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The Changing Mediterranean: Geopolitical Tensions and Challenges

Written by: Pietro Maccabelli

Edited by: Clelia Vettori

Supervised by: Cecilia Rosa Yáñez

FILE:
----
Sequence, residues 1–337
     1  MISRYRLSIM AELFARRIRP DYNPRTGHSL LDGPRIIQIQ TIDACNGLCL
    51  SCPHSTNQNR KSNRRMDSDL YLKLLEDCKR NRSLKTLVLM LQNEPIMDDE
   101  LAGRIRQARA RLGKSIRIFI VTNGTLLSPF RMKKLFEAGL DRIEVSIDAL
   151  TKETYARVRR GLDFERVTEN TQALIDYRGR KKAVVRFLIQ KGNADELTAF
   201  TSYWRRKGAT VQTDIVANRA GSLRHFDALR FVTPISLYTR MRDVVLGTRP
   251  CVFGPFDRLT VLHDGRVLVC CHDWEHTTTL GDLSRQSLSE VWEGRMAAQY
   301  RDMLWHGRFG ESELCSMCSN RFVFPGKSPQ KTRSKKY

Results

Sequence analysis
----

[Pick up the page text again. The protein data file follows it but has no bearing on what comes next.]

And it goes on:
The Mediterranean Sea holds unparalleled strategic importance for several states in Europe, Africa, and Asia. Serving as the natural connection between the Atlantic and Indian Oceans through Gibraltar, Suez, and Bāb el-Mandeb, this maritime space is of inescapable centrality for the global trade system, with 90% of trade still concentrated at sea. Consequently, states highly dependent on the import of natural resources and the export of high-value goods, mainly European countries, consider the overall stability of this sea essential for their economic well-being and national security. Additionally, the Mediterranean’s relevance has increased due to recent discoveries of large offshore oil and gas fields in its Eastern quadrant, between the territorial waters of Greece, Cyprus, Israel, and Egypt. As noted by ISPI (2021), the Mediterranean is also crucial when it comes to fishing activities, migration flow, the presence of pipelines and fibre optic cables, and security competition among various state actors in the region. Today, this region is largely regarded as a fundamental geopolitical area for the international balance of power, with multiple states vying to expand their influence and project power, with the aim of achieving greater strategic depth. The growing interest shown by countries like Russia, Turkey, Algeria, Egypt, and others in the Mediterranean, which translates into a more substantial naval presence, follows the geopolitical vacuum left by the US after its “Pivot to Asia”.